Home & Tribe

“Many of us are homeless in the West today.” – Johann Hari, Author (Lost Connections: Uncovering the Real Causes of Depression – and the Unexpected Solutions)

I was born in June 1962 and grew up with real neighbors.  I left May Day baskets on their doorsteps.  They bought the various school drive items I sold.  They gave me permission to ride around their houses on their driveways and sidewalks.  I stopped by for fresh-baked cookies.  They knew which of the neighborhood pets were mine.  My mom helped the ladies with their hair.  People helped one another with gardening, cars and home repairs.  My grandparents lived next door.  I knew my great grandparents.  We spent holidays and summer vacations with family and friends.

I’ve since been taught that the walls of my home and, perhaps, the nuclear family that I grew up with constitute my “tribe.”  I must be ambitious and successful.  I need to buy and accumulate.  I need status.  At various times, I’ve tried to break free.  First in my thirties by finding a religious or intellectual community and curbing my spending.  Again in my forties after moving home and divorcing.  Later when I turned fifty and tried to revamp my life.  The people around me resisted this as invalidating the choices they’d made and the way they lived.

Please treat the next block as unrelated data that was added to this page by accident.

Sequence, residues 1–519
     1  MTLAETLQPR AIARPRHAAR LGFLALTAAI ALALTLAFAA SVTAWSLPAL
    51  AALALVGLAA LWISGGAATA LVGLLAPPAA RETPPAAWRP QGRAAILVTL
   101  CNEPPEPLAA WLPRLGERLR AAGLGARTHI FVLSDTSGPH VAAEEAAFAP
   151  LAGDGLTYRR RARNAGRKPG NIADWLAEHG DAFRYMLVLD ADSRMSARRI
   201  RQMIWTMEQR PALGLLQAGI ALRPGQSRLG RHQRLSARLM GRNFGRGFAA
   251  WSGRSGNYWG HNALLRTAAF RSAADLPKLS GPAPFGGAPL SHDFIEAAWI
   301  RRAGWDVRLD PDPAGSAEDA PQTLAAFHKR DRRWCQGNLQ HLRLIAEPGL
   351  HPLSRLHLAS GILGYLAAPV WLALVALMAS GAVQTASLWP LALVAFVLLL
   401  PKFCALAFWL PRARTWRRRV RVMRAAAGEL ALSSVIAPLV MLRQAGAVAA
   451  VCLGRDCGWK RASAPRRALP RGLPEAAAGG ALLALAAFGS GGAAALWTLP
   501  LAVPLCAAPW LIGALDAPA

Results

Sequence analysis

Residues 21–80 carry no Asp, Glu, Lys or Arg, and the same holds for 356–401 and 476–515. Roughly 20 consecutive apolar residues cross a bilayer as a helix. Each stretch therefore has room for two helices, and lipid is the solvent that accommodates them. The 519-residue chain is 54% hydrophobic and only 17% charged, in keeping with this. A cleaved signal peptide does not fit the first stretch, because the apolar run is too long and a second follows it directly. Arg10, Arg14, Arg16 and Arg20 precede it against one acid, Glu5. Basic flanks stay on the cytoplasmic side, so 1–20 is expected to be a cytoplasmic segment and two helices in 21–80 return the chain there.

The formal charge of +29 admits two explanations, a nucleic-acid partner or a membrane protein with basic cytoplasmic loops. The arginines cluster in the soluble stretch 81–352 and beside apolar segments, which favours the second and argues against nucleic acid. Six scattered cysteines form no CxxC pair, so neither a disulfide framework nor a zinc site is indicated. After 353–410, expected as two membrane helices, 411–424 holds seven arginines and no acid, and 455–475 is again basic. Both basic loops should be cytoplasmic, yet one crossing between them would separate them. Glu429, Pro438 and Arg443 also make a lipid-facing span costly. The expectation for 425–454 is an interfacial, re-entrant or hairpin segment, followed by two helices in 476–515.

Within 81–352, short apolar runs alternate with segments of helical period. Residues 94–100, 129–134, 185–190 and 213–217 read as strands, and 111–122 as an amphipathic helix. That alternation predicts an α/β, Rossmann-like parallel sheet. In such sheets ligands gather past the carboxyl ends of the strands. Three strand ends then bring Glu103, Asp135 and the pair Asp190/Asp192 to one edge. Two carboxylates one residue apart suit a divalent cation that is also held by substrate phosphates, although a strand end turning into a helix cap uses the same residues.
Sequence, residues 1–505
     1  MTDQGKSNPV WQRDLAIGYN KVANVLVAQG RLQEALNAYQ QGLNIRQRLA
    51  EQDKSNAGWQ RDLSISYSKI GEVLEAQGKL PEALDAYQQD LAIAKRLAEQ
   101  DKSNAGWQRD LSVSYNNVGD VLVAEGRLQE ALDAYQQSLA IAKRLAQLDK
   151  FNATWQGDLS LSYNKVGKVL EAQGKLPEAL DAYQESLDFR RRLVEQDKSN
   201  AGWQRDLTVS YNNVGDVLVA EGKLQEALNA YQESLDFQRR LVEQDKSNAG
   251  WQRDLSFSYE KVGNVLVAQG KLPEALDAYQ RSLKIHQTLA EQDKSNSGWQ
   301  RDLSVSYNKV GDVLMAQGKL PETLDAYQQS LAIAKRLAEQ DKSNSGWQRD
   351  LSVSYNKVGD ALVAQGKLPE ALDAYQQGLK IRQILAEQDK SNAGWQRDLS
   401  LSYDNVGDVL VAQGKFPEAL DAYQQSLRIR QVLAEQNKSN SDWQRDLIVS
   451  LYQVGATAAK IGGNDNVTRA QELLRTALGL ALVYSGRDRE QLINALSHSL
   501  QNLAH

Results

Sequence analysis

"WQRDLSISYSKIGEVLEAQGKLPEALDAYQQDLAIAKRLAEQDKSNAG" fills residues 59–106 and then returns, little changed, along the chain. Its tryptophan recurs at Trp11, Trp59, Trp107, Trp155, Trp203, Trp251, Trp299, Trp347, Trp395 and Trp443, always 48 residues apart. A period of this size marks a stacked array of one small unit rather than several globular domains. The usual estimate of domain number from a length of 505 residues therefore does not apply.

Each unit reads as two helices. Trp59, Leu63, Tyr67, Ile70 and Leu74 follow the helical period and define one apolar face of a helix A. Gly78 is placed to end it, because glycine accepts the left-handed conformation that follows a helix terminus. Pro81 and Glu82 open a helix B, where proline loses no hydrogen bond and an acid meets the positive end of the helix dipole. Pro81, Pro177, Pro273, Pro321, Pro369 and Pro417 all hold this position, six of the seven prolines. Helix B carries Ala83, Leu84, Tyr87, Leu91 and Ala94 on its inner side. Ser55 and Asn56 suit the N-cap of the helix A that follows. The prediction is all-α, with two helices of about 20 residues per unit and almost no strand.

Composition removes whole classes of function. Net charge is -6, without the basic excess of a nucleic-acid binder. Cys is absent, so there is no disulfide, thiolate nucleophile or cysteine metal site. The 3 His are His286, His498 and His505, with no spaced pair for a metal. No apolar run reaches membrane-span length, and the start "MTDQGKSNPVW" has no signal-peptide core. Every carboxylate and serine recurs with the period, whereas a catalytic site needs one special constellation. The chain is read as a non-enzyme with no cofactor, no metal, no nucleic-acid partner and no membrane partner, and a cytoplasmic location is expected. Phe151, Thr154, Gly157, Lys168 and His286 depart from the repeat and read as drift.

I got tired of being careful, but remained unable to truly depend on others.  I have managed to largely replace buying things with doing things.  But shopping does offset feeling lonely or rootless.  Usually, I buy entertainment (concerts, movies, music, books, yarn) and look for distractions.  I remain guarded, but continue to love ideas, value truth and abhor injustice.  Too many days, I still feel like life is just filling the time in-between being born and dying.

Johann Hari’s writing helped me believe that this isn’t a problem with my brain or body chemistry.  It’s a problem with the society and culture I live in.  President Trump embodies the extreme of that by giving people simple rules to live by that make them part of a tribe that doesn’t require self-analysis or any intellectual effort.  That tribe knows that getting ahead requires others fall behind; that success requires the unsuccessful; and that all others are less deserving.  Thankfully, the Progressive Movement is the backlash as are concepts like the social contract, the public good, equity and justice, sharing and inclusion … personal, moral and social responsibility.  Rootlessness is the soil of hate and the gardeners plant lies and fertilize them with bigotry and injustice.  Silence is complicity.  Playing it safe and comfortable silence is betrayal.  We all need to speak up and stand up and support those who are doing the same, especially when they are doing it out of necessity and the lack of alternatives.

I am part of a tribe.  I have a home.  Facts matter. Equity and equality matter.  Justice matters.  That is the tribe I want to belong to and the home I want to live in.  I intend to keep trying.